Actively support efforts to upgrade media industry technological capacity at grass roots level.
Identify and encourage innovative uses of new technology. Learning experiences need to be shared.
Support specific initiatives which combine the power and flexibility of new technologies with the reach of more traditional media.
Promote a legislative and policy environment which favours and multiple media approaches.

Our working definition of a free media is based on the 1991 Windhoek Declaration on Promoting an Independent and Pluralistic African Press which, given changes over the last nine years, we now suggest should be extended to all media and all regions.

1991 Windhoek Declaration on Promoting an Independent and Pluralistic African Press

  1. Consistent with Article 19 of the Universal Declaration of Human Rights, the establishment, maintenance and fostering of an independent, pluralistic and free press is essential to the development and maintenance of democracy in a nation, and for economic development.
  2. By an independent press, we mean a press independent from governmental, political or economic control, or from control of materials and infrastructure essential for the production and dissemination of newspapers, magazines and periodicals.
  3. By a pluralistic press, we mean the end of monopolies of any kind and the existence of the greatest possible number of newspapers, magazines and periodicals reflecting the widest possible range of opinion within the community.

Also recalling the Universal Declaration of Human Rights, the UN General Assembly resolution 59(1) of 14 December 1946 stating that freedom of information is a fundamental human right, the General Assembly resolution 45/76 A of 11 December 1990 on information in service of humanity, resolution 25C/104 of the General Conference of UNESCO of 1989 in which the main focus is the promotion of “the free flow of ideas by word and image among nations and within each nation (See Appendix I at end of document).

Action from Kuala Lumpur: GKII Conference launches Global Action Plan

The Second Global Knowledge Conference (GKII) has brought together the doers and the thinkers: The best and the brightest from around the globe, of people who can get the job done. People who are working on a daily basis to bridge the divide between what are becoming known as the knowledge “haves” and knowledge “have-nots”.

Over five days of discussion, they have brought together a concrete plan of action for the next 2 to 3 years to address the Conference themes of access, empowerment, and governance.

These are people who believe that the world will be a better place when people everywhere have an equal chance to access a telephone, a radio, a computer, the Internet; tools that ease the possibilities for commerce, for communicating, for learning, for reaching people and for participating in decision making.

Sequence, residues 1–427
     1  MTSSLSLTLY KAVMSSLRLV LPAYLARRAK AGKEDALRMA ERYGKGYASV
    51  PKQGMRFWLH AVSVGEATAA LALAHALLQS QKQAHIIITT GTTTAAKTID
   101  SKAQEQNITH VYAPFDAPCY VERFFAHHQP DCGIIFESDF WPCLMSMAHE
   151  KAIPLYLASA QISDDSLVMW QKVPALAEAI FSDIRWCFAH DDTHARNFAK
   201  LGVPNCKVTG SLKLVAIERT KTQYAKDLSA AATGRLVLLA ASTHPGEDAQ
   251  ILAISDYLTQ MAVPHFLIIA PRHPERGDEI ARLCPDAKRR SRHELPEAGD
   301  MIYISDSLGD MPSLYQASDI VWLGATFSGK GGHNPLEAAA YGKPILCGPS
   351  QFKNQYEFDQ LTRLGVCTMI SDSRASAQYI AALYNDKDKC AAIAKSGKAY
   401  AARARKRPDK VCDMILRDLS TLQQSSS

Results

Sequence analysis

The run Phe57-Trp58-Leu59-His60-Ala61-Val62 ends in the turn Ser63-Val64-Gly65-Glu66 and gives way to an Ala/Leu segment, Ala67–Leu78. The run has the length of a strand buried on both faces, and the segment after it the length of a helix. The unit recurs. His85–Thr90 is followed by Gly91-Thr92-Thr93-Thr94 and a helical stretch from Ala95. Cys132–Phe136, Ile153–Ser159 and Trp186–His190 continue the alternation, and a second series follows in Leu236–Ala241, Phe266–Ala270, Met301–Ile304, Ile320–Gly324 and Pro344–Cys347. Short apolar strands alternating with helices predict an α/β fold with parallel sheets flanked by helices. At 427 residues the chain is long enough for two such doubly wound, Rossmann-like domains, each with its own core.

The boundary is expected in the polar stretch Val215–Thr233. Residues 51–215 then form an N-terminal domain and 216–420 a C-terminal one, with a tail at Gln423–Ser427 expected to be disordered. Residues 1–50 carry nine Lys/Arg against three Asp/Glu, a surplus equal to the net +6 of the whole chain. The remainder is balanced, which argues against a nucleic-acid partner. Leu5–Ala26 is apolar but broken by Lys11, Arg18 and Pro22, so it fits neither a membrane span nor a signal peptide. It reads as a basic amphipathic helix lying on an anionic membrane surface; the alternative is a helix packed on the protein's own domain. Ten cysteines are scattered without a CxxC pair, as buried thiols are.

They believe that wider availability of information and communications tools will empower people; give them a greater opportunity to take charge of the decisions that affect them, and their children’s lives. They believe that access to information and technology and the knowledge they facilitate will improve the transparency and fairness of governance – at the public, private and civil society levels. And that all of these can lead to greater and more effective sustainable development.

Presenting the Global Knowledge Partnership’s Action Plan, Marlee Norton, of the National Telephone Cooperative Association said, “I first came to the global knowledge activity about three years ago when we first began to plan [the first Conference]. If anyone had told me that one day more than 300 people would be sitting in a room, working on Partnership activities, I would not have believed it.”

“The Action Plan,” Ms. Norton went on to say, “is the result of a process of interaction and learning by Partners (of the GKP) and a consensus on the priorities for action over the next 2 to 3 years. The Actions fall into 2 main categories, GKP Strategic Corporate Initiatives, generally they are projects of the Partnership as a whole and then there are regular GKP initiatives which involve a group of partners interested in specific issues.”

The input for the Action Plan came from a variety of sources including: three working groups (on access, empowerment and governance), cross-cutting issues groups (on gender, youth, media and local knowledge, the Global Knowledge Forum, and the Action Summit.

Morton said, “The GKP is committed to ensuring that the Action Plan is a flexible and living instrument and that we have mechanisms for continuously updating it and monitoring progress.”

She outlined 17 action items around which there is consensus and significant interest on many of the people gathered here today. Over a dozen organizations and individuals have signed on to pursue each of these action items. They included:

  • An initiative to develop global and regional portals for sharing local content (to counterbalance the heavy influence of the ‘North’ currently on the Internet)
  • Creating innovative financing such as venture capital funds so that local innovators can drive the ICT marketplace in their countries
  • An initiative to integrate technology skills into schools and informal education systems to build skills needed to compete in today’s high tech economies, this will include working with Ministries of Education to reform the curriculum
  • To provide a permanent home and resources to continue the Youth Building Knowledge Societies (YBKS) discussion list. This electronic youth discussion was set up to provide input from youth from around the globe to the GKII conference. It has proven to be a powerful tool, as over 350 young people have already been able to share their ideas and experience on using ICTs to promote change in their communities.

These are only a few of the initiatives taken on by the GKP, this Action Plan will help to guide the Partnership’s actions over the next several years. The actions selected will represent areas where the participants believe that they can have an impact.

Everyone who participated in this process played an important, valuable role in helping refine the Global Knowledge Partnership’s vision and immediate future activities,” concluded Norton.